What went right
Models & Animation
The previous Ludum Dare 23 was the most experience I’d had with creating 3D models for games, and even then there was no animation (everything moving was done in Unity with code).
This time, the main character has a handful of animations (idle, walk, & jump), and I used Blender animation in places where I could’ve coded it in Unity, but it makes sense for them to be animations instead (spinning & bobbing of evolution pickups, spinning lights on the enemies).
It wasn’t knock-out quality, but I was happy with with the “time taken to result” ratio, as I didn’t spend very long on it and they came out passable.
Texturing is usually a weak point in my projects (*cough* fire planet *cough*), but this time I used NeoTextureEdit to generate some passable textures. Their usage really didn’t do justice to how good they looked in the editor, but it’s definitely a mark of progress that I was able create from scratch some textures I was happy with.
Fun fact: this is the first time I’ve made anything in Unity that involved any camera movement of any kind. Everything else up to this point has been single-screen “arcade” style games, where all the action takes place in a static environment. I wasted most of Friday night and Saturday morning playing with the camera snapping & following (and discarded quite a bit), but I’m happy with how it ended up. The there’s a delay with the camera moving so it doesn’t snap jarringly, but it still keeps up with the player ok.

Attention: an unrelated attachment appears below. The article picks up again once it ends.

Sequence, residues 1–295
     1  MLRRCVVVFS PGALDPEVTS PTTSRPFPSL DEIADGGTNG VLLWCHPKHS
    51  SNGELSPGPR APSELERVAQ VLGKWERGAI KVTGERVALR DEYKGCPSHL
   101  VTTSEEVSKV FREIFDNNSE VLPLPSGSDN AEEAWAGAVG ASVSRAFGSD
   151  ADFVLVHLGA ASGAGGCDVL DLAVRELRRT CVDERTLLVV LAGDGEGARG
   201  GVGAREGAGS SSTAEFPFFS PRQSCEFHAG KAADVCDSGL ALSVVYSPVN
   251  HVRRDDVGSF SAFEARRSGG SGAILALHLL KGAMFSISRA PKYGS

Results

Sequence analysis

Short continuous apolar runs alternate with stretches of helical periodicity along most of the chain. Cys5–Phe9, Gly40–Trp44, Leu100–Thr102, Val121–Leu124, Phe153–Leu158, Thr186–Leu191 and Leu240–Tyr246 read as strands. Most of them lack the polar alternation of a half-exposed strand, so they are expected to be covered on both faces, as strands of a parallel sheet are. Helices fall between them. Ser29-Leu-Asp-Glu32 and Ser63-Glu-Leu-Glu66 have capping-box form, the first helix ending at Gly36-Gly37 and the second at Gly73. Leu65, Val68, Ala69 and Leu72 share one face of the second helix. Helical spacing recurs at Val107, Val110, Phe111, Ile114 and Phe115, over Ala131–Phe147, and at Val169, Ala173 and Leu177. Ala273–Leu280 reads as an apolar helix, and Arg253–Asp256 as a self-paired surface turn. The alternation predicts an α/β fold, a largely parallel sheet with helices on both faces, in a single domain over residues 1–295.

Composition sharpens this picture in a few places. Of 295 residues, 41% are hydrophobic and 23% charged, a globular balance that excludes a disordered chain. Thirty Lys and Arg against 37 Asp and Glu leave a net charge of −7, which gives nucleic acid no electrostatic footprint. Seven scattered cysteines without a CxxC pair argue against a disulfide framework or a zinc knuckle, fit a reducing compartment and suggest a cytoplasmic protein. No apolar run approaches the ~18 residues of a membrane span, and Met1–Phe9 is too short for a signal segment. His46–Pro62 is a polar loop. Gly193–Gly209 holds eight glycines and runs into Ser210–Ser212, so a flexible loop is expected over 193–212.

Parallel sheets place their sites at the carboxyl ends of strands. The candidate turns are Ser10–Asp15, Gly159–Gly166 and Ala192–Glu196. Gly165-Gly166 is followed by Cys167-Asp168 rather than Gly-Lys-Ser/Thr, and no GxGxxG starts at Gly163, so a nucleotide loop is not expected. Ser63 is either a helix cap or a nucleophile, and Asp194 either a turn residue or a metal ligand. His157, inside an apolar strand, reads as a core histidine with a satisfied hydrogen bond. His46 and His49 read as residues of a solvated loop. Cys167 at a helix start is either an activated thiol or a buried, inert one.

What went wrong
The theme was “evolution”, which really didn’t click with me. Evolution doesn’t inspire gameplay ideas to me, and I couldn’t get thoughts of E.V.O. out of my head. I had originally thought of doing some kind of RTS-style mechanic, but kept adding more Pikmin-style puzzle solving until finally trimming it down to only controlling 1 thing, leading to the game that I made.
I’m not happy with the lack of originality to the game. None of the mechanics are anything that haven’t been in games since NES times, but I just couldn’t come up with anything I would be able to implement for the weekend challenge.
I ran into a problem with this that I had with my last LD too – people didn’t understand what controls were possible, or understand the results of their actions. For example, people would pick up the shield and not know when they were shielded; they’d press 3 and hear a sound, and think “ok I guess I’m shielded?” and then get squished.
This is a common failing of Ludum Dare games, where the authors spend so much time neck-deep in the game, things that appear obvious to them isn’t actually obvious. “Of course you aim with the mouse!” The fact that I fell into the same pitfall as last time bothers me more. You can be sure I’ll be watching out for this next Ludum Dare.
Even though I was able to create animations, I wasn’t quite able to make things do what i want. The biggest hurdle seemed to be the rigging. I had wanted Squishy to stretch and lean forward a lot more, but he just didn’t deform right when I tried pulling on the skeleton, and I’m not familiar enough with vertex groups and weight painting to get it set up the way I wanted. The bottom 3 bones were basically useless with the automatic rigging, but I need to learn more about the process before I can correct it.
Some Features Incomple
I also lost one of the biggest advantages of my preivous game – it felt complete. It had a title screen (this didn’t), it it had basic story (this didn’t), it had music (this didn’t), etc. My lack of familiarity with the physics system in Unity and creating an explorable world ended up taking more time than I’d hoped, so I lost out on a lot of the polishing I’d managed to get into the last game.
Despite having more experience, this project definitely left me feeling less satisfied than the previous venture. It was still a great learning experience, and I’ll definitely be combining the lessons from this and the previous one in my future endeavors!